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PREMIUM CALCULATION FROM TOP DOWN BY HANS BUHLMANN* Zimch SUMMARY This paper is intended to show how premiums are related to the stabdlty criterion imposed on a portfolio of risks and to the dwidend requirements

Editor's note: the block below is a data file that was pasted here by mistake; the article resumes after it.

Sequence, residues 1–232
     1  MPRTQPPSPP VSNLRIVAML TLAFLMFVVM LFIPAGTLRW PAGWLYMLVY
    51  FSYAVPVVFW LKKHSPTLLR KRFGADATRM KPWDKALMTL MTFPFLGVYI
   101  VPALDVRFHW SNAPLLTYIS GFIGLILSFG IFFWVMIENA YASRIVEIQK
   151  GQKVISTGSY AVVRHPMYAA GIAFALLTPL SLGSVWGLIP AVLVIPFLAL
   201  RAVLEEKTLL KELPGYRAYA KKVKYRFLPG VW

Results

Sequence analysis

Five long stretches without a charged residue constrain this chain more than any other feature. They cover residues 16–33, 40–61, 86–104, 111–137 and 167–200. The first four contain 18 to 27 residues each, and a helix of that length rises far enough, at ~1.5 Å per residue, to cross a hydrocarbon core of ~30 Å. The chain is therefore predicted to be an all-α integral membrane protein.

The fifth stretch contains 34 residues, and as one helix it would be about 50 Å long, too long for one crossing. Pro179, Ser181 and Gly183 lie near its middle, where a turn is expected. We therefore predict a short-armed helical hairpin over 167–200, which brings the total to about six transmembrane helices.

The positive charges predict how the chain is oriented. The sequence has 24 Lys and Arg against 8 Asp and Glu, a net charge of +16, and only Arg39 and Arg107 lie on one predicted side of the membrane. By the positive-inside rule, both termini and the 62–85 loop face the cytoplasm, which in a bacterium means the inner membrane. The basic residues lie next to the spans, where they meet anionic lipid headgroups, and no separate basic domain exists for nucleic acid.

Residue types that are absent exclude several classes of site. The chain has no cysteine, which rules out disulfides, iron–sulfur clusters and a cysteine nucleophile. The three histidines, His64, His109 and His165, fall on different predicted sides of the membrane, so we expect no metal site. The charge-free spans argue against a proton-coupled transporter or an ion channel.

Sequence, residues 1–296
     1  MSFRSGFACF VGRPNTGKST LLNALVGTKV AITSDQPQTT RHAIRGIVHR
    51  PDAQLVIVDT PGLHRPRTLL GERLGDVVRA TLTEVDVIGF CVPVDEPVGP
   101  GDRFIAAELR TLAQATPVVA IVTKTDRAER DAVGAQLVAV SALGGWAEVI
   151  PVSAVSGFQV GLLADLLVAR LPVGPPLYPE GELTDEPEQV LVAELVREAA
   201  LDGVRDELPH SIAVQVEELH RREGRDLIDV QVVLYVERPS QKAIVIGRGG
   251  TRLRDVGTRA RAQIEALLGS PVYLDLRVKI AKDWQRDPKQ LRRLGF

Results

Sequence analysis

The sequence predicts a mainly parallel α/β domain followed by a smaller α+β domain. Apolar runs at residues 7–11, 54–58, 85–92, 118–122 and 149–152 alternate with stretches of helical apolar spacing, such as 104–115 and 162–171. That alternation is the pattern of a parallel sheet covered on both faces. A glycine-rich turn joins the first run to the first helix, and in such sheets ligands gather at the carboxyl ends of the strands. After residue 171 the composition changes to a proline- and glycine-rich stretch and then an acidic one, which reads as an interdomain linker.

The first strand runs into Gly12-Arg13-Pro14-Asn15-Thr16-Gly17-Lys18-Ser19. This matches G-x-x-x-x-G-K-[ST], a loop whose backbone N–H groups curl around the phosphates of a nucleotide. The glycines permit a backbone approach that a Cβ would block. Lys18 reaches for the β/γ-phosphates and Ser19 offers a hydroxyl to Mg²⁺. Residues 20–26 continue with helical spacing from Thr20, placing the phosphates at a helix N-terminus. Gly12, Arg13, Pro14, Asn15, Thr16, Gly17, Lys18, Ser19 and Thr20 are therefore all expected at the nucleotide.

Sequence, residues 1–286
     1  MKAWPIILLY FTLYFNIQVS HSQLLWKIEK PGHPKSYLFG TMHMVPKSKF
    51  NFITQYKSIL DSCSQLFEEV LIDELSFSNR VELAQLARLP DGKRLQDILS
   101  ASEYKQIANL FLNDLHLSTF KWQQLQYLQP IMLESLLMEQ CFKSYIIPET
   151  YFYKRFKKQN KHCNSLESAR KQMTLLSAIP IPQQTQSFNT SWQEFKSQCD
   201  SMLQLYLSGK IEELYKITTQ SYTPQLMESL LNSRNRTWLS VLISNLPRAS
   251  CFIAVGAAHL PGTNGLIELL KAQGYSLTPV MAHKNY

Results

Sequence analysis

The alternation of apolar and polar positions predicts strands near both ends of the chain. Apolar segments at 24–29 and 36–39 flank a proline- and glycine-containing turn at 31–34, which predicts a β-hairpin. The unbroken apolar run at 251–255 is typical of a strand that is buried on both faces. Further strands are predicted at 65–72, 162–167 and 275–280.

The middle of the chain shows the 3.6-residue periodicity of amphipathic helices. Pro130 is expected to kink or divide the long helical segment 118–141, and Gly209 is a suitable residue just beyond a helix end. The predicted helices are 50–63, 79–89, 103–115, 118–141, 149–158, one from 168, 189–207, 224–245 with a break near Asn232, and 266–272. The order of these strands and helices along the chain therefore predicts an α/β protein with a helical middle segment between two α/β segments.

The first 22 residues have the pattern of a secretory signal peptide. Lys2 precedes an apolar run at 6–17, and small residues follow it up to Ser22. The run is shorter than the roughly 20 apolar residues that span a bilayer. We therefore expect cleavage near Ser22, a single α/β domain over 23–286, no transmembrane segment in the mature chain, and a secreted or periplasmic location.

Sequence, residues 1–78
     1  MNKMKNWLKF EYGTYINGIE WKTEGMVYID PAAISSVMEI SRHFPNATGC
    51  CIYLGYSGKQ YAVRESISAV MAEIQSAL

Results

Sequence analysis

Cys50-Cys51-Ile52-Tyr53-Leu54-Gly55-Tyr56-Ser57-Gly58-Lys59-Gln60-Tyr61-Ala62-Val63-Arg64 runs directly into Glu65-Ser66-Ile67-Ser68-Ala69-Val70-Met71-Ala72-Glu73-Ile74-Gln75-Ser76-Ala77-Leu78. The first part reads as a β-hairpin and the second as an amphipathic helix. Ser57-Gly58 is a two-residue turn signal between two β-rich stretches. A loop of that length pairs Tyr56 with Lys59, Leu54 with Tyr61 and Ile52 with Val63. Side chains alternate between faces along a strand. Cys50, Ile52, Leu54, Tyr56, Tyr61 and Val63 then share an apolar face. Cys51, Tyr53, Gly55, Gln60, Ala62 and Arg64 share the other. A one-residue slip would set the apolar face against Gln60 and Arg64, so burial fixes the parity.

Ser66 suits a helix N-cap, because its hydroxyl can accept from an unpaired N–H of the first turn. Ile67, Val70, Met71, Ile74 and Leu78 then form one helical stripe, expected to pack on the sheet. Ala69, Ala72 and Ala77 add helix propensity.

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PREMIUM CALCULATION FROM TOP DOWN BY HANS BUHLMANN* Zimch SUMMARY This paper is intended to show how premiums are related to the stabdlty criterion imposed on a portfolio of risks and to the dwidend requirements for the capital invested into the insurance operation. The point is that premium calculation should be seen as a consequence of the strategic concepts adopted by the insurance carrier. 1. INSURANCE AS A DYNAMIC SYSTEM All insurance activities can be viewed as an input-output system, namely as follows interest l premiums (net of commissions) Equity (Surplus) cost claims (including claims handling cost) To fix the ideas think of yearly insurance contracts only and let P, ~ premmms (net of commissions) in year t, S, ~ claims Incurred, i.e., paid and reserved (including claims handling costs) in year t, C, ~ all costs incurred in year t (except those already considered in P, and S,), i, ~ interest rate for year t, R, ~ equity (surplus) at end of year t. For simplicity assume that premiums, claims, interest and cost are paid at the end of each year. More realistically you can think of these quantities (premiums, claims, costs) as present values per end of the risk year to which they belong . Assume then that these present values are known with certainty OBSERVE By this assumption we have ehminated reserving problems (=problems inherent in the uncertainty of the present values just mentioned). This is * Lecture delivered at the Macquane Sermnar during the ICA 1984 m Sydney ASTIN BULLETIN Vo115, No 2 90 BUHLMANN obviously only done to concentrate on the pure premium calculation problems in this paper Then the basic relation is (1) R,=(I+h)R,_~+P,-C,-S,, t=1,2,3,... Ro stands for the imttal equity, or the operatwe capital which is initially invested into the insurance operation. Observe also that from the dynamic point of view only the difference premiums minus costs (=net premium H,) is relevant. Hence we rewrite our basic relation as (1) R,=(I+i,)R,_i+I-I,-S,, t= 1,2,3, STABLE FUNCTIONING OF INSURANCE It is important to note that our Dynamic System's Approach makes only sense for a portfoho of risks (or even better: for the total or risks assumed by an insurance company). Hence (1) is a relation between sums of net premmms H, and sums of claims S,. Insurance is stable if l-i, and S, are in equilibrium with each other. We express this stable functioning by the postulate (2) R, I0 for all t=1,2,3,... It is important to note that (2) expresses our goal that net premiums and claims should not differ too widely. As a matter of fact (2) requires that the initial operative capital R0 should be sufficient for the whole insurance operation over time. Of course equilibrium could be formulated in other ways. The one chosen here--postulating that no additional capital should be needed durmg the insurance operation--seems reasonable in a portfolio without growth. We shall come back to the case of growth in a later paragraph. 3. FORMS OF INSURANCE 3.1. Insurance Pools Assume that claims S, and costs C, are produced by a process which is outside of the insurance company's control. If the insurance scheme is such that one can compensate expenditures (claims S, and costs (7,) immediately and fully by the premiums P, to be received one can easily achieve equilibrium without any capital. Such an insurance arrangement is called a pool. It is characterlsed by the relations Such pools do exist in practice. R,=0, t=0, 1,2,.. I1, = S,, } t= 1,2,3,... ( P, = S, + C,), PREMIUM CALCULATIONS FROM TOP DOWN 91 Their advantage, no need of capital Their dtsadvantage premiums are only known a postenort. Insurance effect is only achieved if the individual risk does not share in the total net premium in proportion to its claims, which creates solidarity payments between the members of the pool 3.2. Prospectively Calculated Premtums Except in cases where the pooling arrangement is an acceptable form of insurance to all pool members, one usually wants to transact insurance as insurance business. This means that before mcepnon of the risk one wants to know the extent of the insurance cover on oneside, the premium to be paid for the cover on the otherside. Hence arises the need to calculate P, in advance. I shall do this in the simple case (for didactical reasons) where the evolution of the portfolio is stationary and where interests on equity are absorbed by costs and/or by claims. Therefore let me assume t,=0 P'=~} C, for allt for all t S, (t = 1, 2,...) independent and identically distributed. If one fixes the premium P, in advance it is important to realize that postulate (2) may now fail with a certain probability. However, one can control this probabihty of failure (of rum, as it is usually called). According to a standard formula in risk theory this probability is at most equal to e -kno where k 0 is such that e k~e-c) = E[e ks]. Hence if we want to control the probability of ruin at the level ~o (say 1%) we may choose Jln ~or (3) k - Ro and calculate the net premium H = P- C from the formula 1 (4) I] =Fin E[ekS]. (The denvation of this formula from the probability of ruin criterion has been found by DE FINET-rl (1939) for the discrete case and by GERBER (1974) for the continuous case). This formula becomes more accessible to interpretation if we approximate the right-hand side by its second-order Taylor polynomial (with the cumulants as coefficients). 92 BUHLMANN (5) k H= E[ S]+~ Var[ S] I In ~ol = E[S]+ Var [S] 2Ro 3.3. Premtum Calculat:on Principles Observe that from our postulate (2) we have arrived Jn a very natural way at a premium calculation prmctple Yg. S~H assigning to the yearly total of claims S a yearly total of net premmms H. Our derivation has produced or approxxmately the exponenualprmclple: H =-~ In U[e ks] the vartance principle. k 1-I = E[S] +~ Var IS] This component is called the secur:ty loading both with k = [In Ool/Ro. As both of these principles are addmve (Definmon. I1 is additive if H(S+ T) = I-I(S)+H(T) for S, T independent) we may apply the formulae (4) and (5) also to ind:vtdual rzsks covered by the insurance operation. In doing so we automatically achteve equtlibnum in the whole portfolio The Standard Deviation Prmczple, an Example of a non-addttive Premium Calculation Principle. Formula (5) has lead us to the following rule fi = E[S] + IIn ~ol Var IS]. 2Ro The operative capital Ro is still free m this formula and we may try to optlmise its choice. Up till here we have tacitly disregarded dividends. Let us now consider exphcttly dividends to the investor who has provided the mmal equity = operat:ve capztal Ro. Assume that we require a total yield of ~Ro on this operative capital for dividends. PREMIUM CALCULATIONS FROM TOP DOWN 93 OBSERVE IR 0 is that part of dividends which we want to achieve and which is not tacitly Included in the costs. So one might choose the rate of required yield with due respect to the silently included dividend payments under the title of costs. With this understanding the insurer wants a total premium income (net of costs but including required dwldends) Iln q/ol (6) I] = EE[S]+ Var [S]+ iro. 2Ro OBSERVE. 1]1 += ri+ IR 0 (net premium +required dividends). This total ~s the more competitive and hence the more likely to be obtained, the lower it is. The optimum choice of R0 is hence the one which renders (6) minimum One easily finds that the optimal choice is (7) Ro = -~--~t~ ~ or[s], or[s] = ~/Var [S]. The total premium income to the insurer then amounts to (8) II += E[S]+~/21lln SoloIS]. OBSERVE (a) In the optimum the security loading and the return on initial investment are equal IIn 4,o 1 Var [S] = ~-X/'--~ 4' 1 o'[s] 2Ro Z tr0=~v' 2 qj [cr[s] (b) Ro decreases with increasing i but dividend income iro is mereasing with Formula (8) is the standard deviation principle, which is no longer additive. It hence does not make sense to use Formula (8) for the mdwtdual risk_ (We would lose control of equilibrium.) One should rather proceed as follows (a) Based on total S calculate R o = ~--~t ~ l o'[s] (formula 7). (b) Then use for (independent) individual risks S,n~ the variance principle (Observe the factor 2 in the loading!) Iln ~ol l-i,'~d = E[S,.o] + Var [S, nd]. Ro 94 BUHLMANN One easily checks that the total adds up to H += E[S]+IIn ~o[ Var [S] Ro = E[S] +,,ff/gd,ol which is the correct total according to formula (8)! Of course there is no absolute necessity to proceed in this way. One however can find different arguments to justify the above procedure as a fair splittmg of Ioadings among individual risks. Here ts one argument for fairness At each level R o the variance prmciple applied to individual risks produces a stable portfolio (with probabtlity of rum 4'0). It seems then fair to split return on investment Ro in the same proportion as the security Ioadmgs of the premium. We shall come back to this question of fairness. 3.5 An Example Assume that our portfolio consists of 5 risks of type A with densityfa(x) = 0.2e - 2~(x I 0) (exponential distribution wtth mean 5) 20 risks of type B with densityfb(x) = e-~(e I 0) (exponential distrtbutlon wtth mean 1) I7/ No of Exponenttal Variance Risks Mean Variance Principle Principle Stand Dev Pnnclple lln ( 02 ~ k type A k \0~- k/ type B In k 2 portfolio if'Olin ffol Choose 4'0 = 1% (lln 4'ol = ). Then we have for Ophmum R0 E7--.-=7--i Portfolio Ro = 'X/~ ---! cr[s] Prermum ~ zz Opttmurn k Premtum for Rtsk A ~l + ^ Premmrn for Risk B t = 2% I 0356 ~=5% ,4 i = 10% PREMIUM CALCULATIONS FROM TOP DOWN 95 It is easily checked that 20 x premium for risk B + 5 premium for risk A equals the portfolio premium. OBSERVE. (~) The higher the return on investment you want the lower this investment must be chosen. (~) The security loading is by far not proportional to the mean value of the nsk. In percent of mean value the loading for risk A is 5 times the loading for risk B. (~) You may check that the exponential principle (with parameter 2k) leads to premiums which are not drastically different from those obtained by the variance principle. e.g. 1=2%, nska: 6.18, risk B: 1.037, 4 GENERAL PHILOSOPHY It should be noted that in the preceding we have calculated from top down. More explicitly: (1) We have first considered the total of all risks from a given portfolio (or from a whole insurance company). For this total we have (i) formulated a stability criterion (e.g., probability of ruin criterion), (ii) imposed certain conditions regarding yield of invested capital. (2) The goals set out in (1) have then led us to find a total premium to be charged for the whole portfoho. (3) In a final step we have then argued how this total should be split in a fmr way among all the individual risks. Our analysis has produced the following pragmatic solution (a) Fix total premium according to standard deviation principle II + = E[S]+,/2Illn q, olo'[s]. (b) Split the total according to the variance prmctple (or if you prefer, the exponential principle) with l-l,+d = E[S,.d]+[ In q~ol Var [S,.d] Ro q,ol no = ~V ---5;- o-is]. (c) It is remarkable that our analysis has also produced a theory for choosing an optimal value of invested initial capital. Note that the latter should be propomonal to the standard dewatton of total claims. 96 BUHLMANN (d) Note that our analysis also provides an answer to the question about price for capacity . This price is to be understood as the required yield on the initial investment Ro. With the optimum choice of Ro this amounts to half of the loading, the other half being used for building up the eqmty and therewith the protection against risk fluctuations. This analysis was of course based on a rather simple mode of reahty It ts clear that one could work with more intricate model assumptions. Nevertheless the basic philosophy as underlying our analysis is fundamental and should be used for any premium calculation problem. Unfortunately one still finds actuarial work on premium calculation which takes the contrary viewpomt, namely from bottom up. By this I mean any way of proceeding where one (1) concentrates on the defimtlon of the correct premium for the mdivldual risk, (ii) rather neglects to check whether total premium obtained by summation of individual premiums satisfies some reasonable stability criterion. From the precedmg analysis you should hopefully have learned that this bottom up phdosophy is unreasonable. Premiums of individual risks are not exclusively determmed by this individual risk but (at least in the choice of values of certain parameters) do depend on the portfoho to which they belong. 5 MARKET PREMIUMS So far we have been speaking about permiums for an individual company. The practitioner might call the premium concept so far discussed the techntca/premtum, which is some sort of mternal yardstick to find out whether market premmms are in prmciple acceptable to the individual msurance company or not. Actuaries are mostly only concerned with this technical premium. Nevertheless it might be useful to study some models of market behaviour to find out what tendencies one might expect from market conditions. Such a simple model is studied in BUEHLMANN (1980). Let me explain the basic result. The effect of a competitive market can be viewed as if the basic probabdmes were changed If state w has objective probability p(oo) the market premium wdl be obtained from the modified probabilities eazc' ~p(w) Z e z~'~p( a') oj' where Z(w) stands for the total of claims to the market if state ~o happens and where a is a measure oftotal risk aversion From this analysts one might conclude that market premiums are more likely to meet the standards oftechmcal premiums if (i) insurances ts on states which cause a high total of claims to the market, and/or (il) risk aversion for the states insured is rather high PREMIUM CALCULATIONS FROM TOP DOWN VARIABLE PREMIUMS Except for the case of the pool where the total of net premiums follows exactly the claims we have--in this paper--treated premiums as fixed quantities, known in advance before entering the insurance contract. Of course, there are intermediate ways: The extreme cases of flat premium on one side and totally claims dependent premiums on the other side may be combined. This is essentially the philosophy in experience rating and in particular in credibility theory. I shall not treat this very important field of rating techniques in this publication But permit me one remark: Credibility is another good example of a from top down approach to premium calculation It essentially also solves the problem of fair splitting of total premium among the individual risks. 7. GROWING BUSINESS In paragraph (2) we have mentioned that only in stationary situations it makes sense to finance the insurance operation only at the beginning through the initial investment Ro. With growing business one must adjust R0 according to the growth of standard deviation o-is]. To illustrate this assume m our example 3.5 that the portfolio has doubled (10 risks of type A, 40 risks of type B). Then the respective table has to be modified as follows Portfoho Premmm Premmm Premium Optimum R Optimum k for Risk A for Risk B, =2% I 0252 =5% I = I0% OBSERVE THAT. loading of portfolio premium increased by ~/2, optimum R increased by ~/2, 1 optimum k decreased by --7=, 42 loading of ind. premium 1 decreased by ~. These observations could of course be directly made from the formulae (5), (7), (8). 98 BUHLMANN The question arises how one has to interpret the new financial requirements. (For the clear analysis of the problem assume that doubling of the business occurs instantaneously at time to.) One might argue in two different ways (at the 5% interest level e.g.) I At time to optimum R = is needed At time 0 optimum Ro = was invested Remainder to be invested now II At time to optimum R = is needed At time to Ro has grown to, say = So only additional investment is needed In my view argument I is the correct one. Argument Ii defines a hidden dividend payment which changes the probability of ruin. If we want to be consistent with our criterion of stability II should be abolished. Nevertheless it is often encountered in practical applications with the idea that one starts afresh at time to. It is worthwhile to note that already DE FINETTI (1957) has crlticised this argument in his famous paper to the International Congress of Actuaries I fully share his criticism. 8. ANOTHER FORMULATION OF EQUILIBRIUM AND ITS CONSEQUENCE ON BOTH PORTOLIO AND INDIVIDUAL 8.1. Motivation PREMIUM Remember that we started from the basic recursive relation for surplus (1) R,=(I+~,)R, ~ +II,-S,; t= 1,2,3,.. We then formulated equilibrium (stable functioning of insurance) by the postulate (2) R,/ 0 for allt=l,2,3... In the case of prospectively calculated prem:urns we did assume (as we said, partially for didactical reasons) z'=o / forall t = 1,2,3,... I1, =II) St, S2,..,S,,... independent and identically distributed. These assumptions have allowed us a rather straight forward derivation of the required premiums. One might, however, object that we have oversimphfied reality. In particular one might object that we have completely ignored interest on surplus. In this section I would like to show that interest on surplus changes--of course--some quantitative aspects of premium calculation. This is not surprising. The message of this PREMIUM CALCULATIONS FROM TOP DOWN 99 section is, however, that the bastc formulae for the portfolio premiums (and consequently also individual premiums) remain the same whether we include interest on surplus or not. Let us now assume 8.2. New Formulation of Equdibrlum i, i~ for all t H, =HJ S~,S2,...,S,,... independent and identically distributed (mean p., standard deviation o') and let us now express equilibrium by (9) H R,I --- for allt=l,2... I Observe that we have moved from a very conservative formulation (no interest on surplus) to a very liberal one. The liberal formulation is not only characterized by the inclusion of interest but also by the relaxation of the solvency standard (postulate (9)). Observe that (9) allows surplus also to become negative up to the point where premiums still suffice to finance the negative interest created by the surplus deficit. This relaxation is of course very generous We go here from one extreme (no interest on reserves) to the other. But by analysing the two extremes (and--as we shall see--by finding out that consequences on premiums required are not that drastic) we can conclude for practical applications that premiums ought to lie between the values generated by these two boundary cases Calculatmn of Portfoho Premiums (Ideas in this part are heavily borrowed from GERBER (1971).) Introduce first the present value B, of surplus, defined as follows (10) Observe that B, = (1 + i)-'r, = vtr,. (11) B~= Ro+ Z v,(n-sj) 9=1 is almost surely finite if E[Sj] and Var [S~] are finite. The following lemma is essential LEMMA I] (a) R, ~--- forallt~b~o~o,! H (b) R, --- foronet~b~ o.! 100 BUHLMANN PROOF. Use the fact that: FI II R~o- 6Lo=:.~R,~----Sro(l+l)'- ~ forall/~t o. I I Hence we can formulate equilibrium by (12) Boo~ 0. Rewriting condition (12) with the use of (ll) we have (13) ~ ~S~Ro +~. j-i I According to the Discounted Central Limit Theorem the left-hand side of (13) has approximately a normal distribution with mean iz/t standard deviation o-/,.~, 2 Let ~F be the argument for which we have probability e in the right tall of the standard normal distribution ~ l t y 6, Equilibrium is then guaranteed with probabthty e if Hence Ro + II / i - tz / t o /~/2~ + i 2 i = - - IRo (14) H /z + 6~a x/ Iz +~ trx/~- iro. If we allow exphotely for dividends in our premium calculation (charging an additional payment tr0 for dividends) we arrive at (15) n+=~+~o-4i. PREMIUM CALCULATIONS FROM TOP DOWN 101 Let us stop here and pause for a moment. Several observations are important to be made now (1) Miraculously